NEPRA raises electricity rate by Rs2.74/unit for second quarterly adjustment

Rs 4.99/unit hike is also on cards due to fuel charges adjustment for February 2024

ISLAMABAD: The National Electric Power Regulatory Authority (NEPRA) has approved an increase of Rs 2.74 per unit in the electricity price, attributing it to the second Quarterly Adjustment for FY2023-24.

This adjustment, amounting to Rs 85.2 billion, will have a uniform impact of Rs 2.7492 per kWh. As a result, the existing two quarterly adjustments of Rs 4.43 per kWh will cease to exist from March 30, 2024.

To alleviate the impact on consumers, the power regulator has decided to implement the adjustment from April 2024 onwards, following the expiration of the current applicable quarterly adjustments. 

The decision of the second quarterly adjustment is intimated to the federal government before notification.

Fuel charges adjustment for February

On the other hand, consumers should be ready to face another hike in electricity rates by Rs 4.99 per unit on account of the fuel charge adjustment (FCA) for February 2024.

NEPRA conducted a public hearing on Thursday to deliberate on a proposed increase in electricity prices by Rs 4.99 per unit.

This request, linked to February’s monthly fuel adjustment, comes at a critical juncture marked by a 12.2% decline in electricity demand and mounting concerns over escalating costs.

During the public hearing, the Central Power Purchasing Agency (CPPA) disclosed that electricity demand reduced significantly during February, attributing it to various factors.

Member NEPRA Rafiq Shaikh expressed apprehensions regarding the mounting capacity payments, stressing the urgency of devising strategic measures to mitigate these expenses.

Meanwhile, officials from the National Transmission and Dispatch Company (NTDC) emphasised the indispensable role of operating LNG-powered plants to uphold the stability of the power system.

Growing trend of solarisation

Moreover, it was informed that the growing adoption of solar energy across the nation also impacted escalating electricity prices as electricity consumption declined.

NTDC officials observed a rising trend in solar energy installations, particularly evident in areas like Lahore, where every other household is embracing solar power.

Member NEPRA noted the convenience of solar energy adoption for consumers but cautioned against its contribution to the escalating cost of electricity.

The hearing culminated with NEPRA deferring its decision on the proposed price hike, pending further examination of relevant data.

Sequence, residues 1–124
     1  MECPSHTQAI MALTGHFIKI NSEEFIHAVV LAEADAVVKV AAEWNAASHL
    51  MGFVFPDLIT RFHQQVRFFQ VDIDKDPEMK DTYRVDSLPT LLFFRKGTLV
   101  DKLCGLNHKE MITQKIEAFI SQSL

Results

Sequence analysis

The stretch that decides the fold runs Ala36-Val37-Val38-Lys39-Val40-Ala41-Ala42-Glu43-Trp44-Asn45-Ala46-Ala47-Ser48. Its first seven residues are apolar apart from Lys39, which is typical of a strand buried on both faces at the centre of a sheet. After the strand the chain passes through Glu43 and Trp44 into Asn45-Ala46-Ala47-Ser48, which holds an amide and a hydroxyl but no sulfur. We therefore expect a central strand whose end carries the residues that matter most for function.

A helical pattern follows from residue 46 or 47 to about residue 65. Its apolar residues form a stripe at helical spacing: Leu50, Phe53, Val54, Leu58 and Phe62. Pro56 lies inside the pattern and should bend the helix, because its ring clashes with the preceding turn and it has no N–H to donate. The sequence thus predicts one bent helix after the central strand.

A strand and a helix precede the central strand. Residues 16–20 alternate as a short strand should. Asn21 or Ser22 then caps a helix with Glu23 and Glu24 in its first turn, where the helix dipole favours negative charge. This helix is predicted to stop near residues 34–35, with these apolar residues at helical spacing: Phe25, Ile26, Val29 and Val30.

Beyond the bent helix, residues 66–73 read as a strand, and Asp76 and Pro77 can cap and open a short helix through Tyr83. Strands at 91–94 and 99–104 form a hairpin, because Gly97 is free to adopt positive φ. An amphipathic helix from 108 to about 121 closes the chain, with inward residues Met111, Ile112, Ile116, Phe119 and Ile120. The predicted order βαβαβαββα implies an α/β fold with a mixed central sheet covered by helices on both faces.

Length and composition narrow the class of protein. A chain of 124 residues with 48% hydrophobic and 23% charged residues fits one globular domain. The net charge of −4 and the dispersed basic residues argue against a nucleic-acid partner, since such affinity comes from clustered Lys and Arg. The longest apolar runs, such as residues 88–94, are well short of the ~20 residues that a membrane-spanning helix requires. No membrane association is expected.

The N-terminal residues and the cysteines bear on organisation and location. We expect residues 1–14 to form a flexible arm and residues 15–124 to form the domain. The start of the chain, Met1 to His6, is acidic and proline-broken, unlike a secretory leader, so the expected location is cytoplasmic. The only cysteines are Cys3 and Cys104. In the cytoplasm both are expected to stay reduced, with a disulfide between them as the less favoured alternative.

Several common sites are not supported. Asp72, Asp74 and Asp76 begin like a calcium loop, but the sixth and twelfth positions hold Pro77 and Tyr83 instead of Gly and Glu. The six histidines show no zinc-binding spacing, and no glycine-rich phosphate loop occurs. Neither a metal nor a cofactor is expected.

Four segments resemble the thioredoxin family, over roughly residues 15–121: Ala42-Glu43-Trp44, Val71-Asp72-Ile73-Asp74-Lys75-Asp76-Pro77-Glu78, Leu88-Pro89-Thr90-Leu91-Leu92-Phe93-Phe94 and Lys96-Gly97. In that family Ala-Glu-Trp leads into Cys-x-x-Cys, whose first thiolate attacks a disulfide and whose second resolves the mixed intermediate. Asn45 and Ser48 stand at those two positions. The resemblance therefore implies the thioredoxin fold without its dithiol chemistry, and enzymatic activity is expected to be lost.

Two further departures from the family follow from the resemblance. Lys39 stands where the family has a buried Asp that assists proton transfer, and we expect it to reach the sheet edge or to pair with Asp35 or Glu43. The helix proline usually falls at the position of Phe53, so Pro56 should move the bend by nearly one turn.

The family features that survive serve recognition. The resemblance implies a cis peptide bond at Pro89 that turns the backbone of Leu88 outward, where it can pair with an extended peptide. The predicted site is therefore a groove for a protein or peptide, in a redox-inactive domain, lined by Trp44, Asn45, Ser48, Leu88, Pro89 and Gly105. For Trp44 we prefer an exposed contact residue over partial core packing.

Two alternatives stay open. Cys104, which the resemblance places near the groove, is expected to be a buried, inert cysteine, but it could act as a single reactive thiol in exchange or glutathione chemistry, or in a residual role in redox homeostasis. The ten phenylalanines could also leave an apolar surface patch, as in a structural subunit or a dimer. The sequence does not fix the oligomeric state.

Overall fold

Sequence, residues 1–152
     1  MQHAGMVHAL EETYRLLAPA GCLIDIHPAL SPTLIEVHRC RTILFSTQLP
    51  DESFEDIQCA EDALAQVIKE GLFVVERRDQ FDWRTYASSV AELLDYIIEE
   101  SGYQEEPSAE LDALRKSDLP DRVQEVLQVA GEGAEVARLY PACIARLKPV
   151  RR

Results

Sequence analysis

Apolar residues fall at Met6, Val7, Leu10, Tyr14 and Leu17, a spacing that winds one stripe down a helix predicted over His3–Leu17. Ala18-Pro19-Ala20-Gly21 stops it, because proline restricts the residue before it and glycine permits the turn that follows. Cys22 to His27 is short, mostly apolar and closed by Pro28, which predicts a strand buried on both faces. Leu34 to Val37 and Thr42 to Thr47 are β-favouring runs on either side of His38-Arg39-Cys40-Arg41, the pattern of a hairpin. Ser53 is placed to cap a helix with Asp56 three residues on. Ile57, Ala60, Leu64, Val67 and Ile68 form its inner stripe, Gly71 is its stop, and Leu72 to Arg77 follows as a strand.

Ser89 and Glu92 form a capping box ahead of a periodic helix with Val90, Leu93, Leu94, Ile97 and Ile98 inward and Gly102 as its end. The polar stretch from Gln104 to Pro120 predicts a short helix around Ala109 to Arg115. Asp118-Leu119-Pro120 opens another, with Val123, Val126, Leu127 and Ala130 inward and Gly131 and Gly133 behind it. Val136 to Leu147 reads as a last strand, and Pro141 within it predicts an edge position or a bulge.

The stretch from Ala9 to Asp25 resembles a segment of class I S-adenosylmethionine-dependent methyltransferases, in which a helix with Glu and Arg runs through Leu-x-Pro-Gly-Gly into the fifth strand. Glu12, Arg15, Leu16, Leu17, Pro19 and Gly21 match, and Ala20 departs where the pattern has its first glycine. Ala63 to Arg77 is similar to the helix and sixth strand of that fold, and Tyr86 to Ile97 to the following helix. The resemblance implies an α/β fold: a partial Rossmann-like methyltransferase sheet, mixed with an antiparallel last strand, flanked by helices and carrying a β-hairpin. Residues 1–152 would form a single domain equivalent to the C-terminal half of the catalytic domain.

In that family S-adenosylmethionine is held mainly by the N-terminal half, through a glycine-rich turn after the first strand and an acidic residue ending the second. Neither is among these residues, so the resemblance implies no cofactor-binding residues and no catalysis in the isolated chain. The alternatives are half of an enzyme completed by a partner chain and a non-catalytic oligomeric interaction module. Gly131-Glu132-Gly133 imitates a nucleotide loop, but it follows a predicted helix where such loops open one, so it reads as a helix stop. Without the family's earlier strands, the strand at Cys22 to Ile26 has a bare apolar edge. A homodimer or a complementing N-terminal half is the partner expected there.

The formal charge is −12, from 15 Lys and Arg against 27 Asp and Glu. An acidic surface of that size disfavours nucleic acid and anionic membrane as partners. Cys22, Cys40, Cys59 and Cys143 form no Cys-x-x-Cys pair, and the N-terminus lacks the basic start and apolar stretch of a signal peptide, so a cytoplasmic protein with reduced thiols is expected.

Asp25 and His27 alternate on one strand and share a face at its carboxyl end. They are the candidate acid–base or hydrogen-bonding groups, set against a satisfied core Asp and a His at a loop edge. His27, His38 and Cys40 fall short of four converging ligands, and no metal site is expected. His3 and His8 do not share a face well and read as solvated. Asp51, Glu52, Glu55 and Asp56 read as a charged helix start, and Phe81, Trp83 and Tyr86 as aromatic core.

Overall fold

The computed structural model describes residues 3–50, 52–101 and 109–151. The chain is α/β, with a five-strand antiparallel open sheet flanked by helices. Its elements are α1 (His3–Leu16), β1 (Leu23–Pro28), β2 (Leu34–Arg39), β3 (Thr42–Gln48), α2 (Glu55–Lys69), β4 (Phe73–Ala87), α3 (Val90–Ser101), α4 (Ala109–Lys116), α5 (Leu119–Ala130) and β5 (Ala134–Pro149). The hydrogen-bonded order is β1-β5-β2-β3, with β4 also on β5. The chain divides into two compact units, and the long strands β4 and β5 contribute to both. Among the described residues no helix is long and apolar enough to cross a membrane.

Chairman NEPRA underscored the imperative of reassessing the existing tariff structure to incentivise business activities and ensure the long-term sustainability of the energy sector.

Earlier, the CPPA had sought an increase of Rs 4.9917 per unit in tariff on account of fuel charges adjustment for February 2024.

In a petition submitted to National Electric Power Regulatory Authority, on behalf of Ex-Wapda DISCOs (XWDISCOs), the Central Power Purchasing Agency (CPPA) said that the reference fuel charged from the consumers during February was Rs 4.4337 per unit, while the cost of the energy delivered to Discos was Rs 9.4254 per unit, and requested an increase of Rs 4.9917 per unit over the reference charges on account of FCA for the month.

The increase also includes the previous adjustments of Rs 0.5484 per unit. The petition if accepted in full by NEPRA, will burden the electricity consumers with an additional burden of over Rs 40 billion inclusive of fuel charge adjustment and general sales tax. 

Generation costs

The breakdown of the data reveals varying costs across different generation sources, ranging from Rs 1.3213 per unit for nuclear to Rs 27.1968 per unit for electricity imported from Iran. No electricity was generated from High-Speed Diesel (HSD) and Furnace Oil during the month.

The CPPA, in its application, has submitted that the total electricity generated with various fuels in February was recorded at 7,130 GWh (gigawatt per hour), for Rs 8.6950 per unit. The total cost of energy was Rs 61,996 million.

According to the petition, 6,876 GWh at Rs 64,804 million had been delivered to DISCOs with 3.53% as transmission losses.

The data reveals that power generation from hydel source was 1766 GWh in February, constituting 24.77% with zero cost of power generation while power production with coal-fired power plants was 1129 GWh (local + imported coal: 994+ 135GWh). 

The share of local coal was 13.94% at Rs 14.1863 per unit while the share of imported coal was 1.89% at Rs 20.2194 per unit.

The electricity generated with local gas was 787 GWh (11.04pc) at Rs. 12.3794 per unit, 1450 GWh or 20.33%, RLNG-based electricity was generated at Rs 24.2952 per unit, 1,660 GWh or 23.29% power generation was from nuclear-based plants at Rs 1.3213 per unit, and imported Iranian energy cost Rs 27.1968 per unit during February.

Power generation from bagasse was 101 GWh in February. Bagasse has contributed 1.41% to the national grid at Rs 5.9822 per unit. 

The electricity generated from wind was recorded at 108 GWh, 1.53% of total generation, and solar at 90 GWh or 1.26% of the total generation in February 2024.

Ahmad Ahmadani
Ahmad Ahmadani
The author is a an investigative journalist at Profit. He can be reached at [email protected].


  1. NEPRA’s decision to raise the electricity rate by Rs2.74/unit for the second quarterly adjustment is concerning. It adds financial pressure on consumers already facing challenges. Regulatory bodies should prioritize consumer interests and explore measures to mitigate the impact on affordability.

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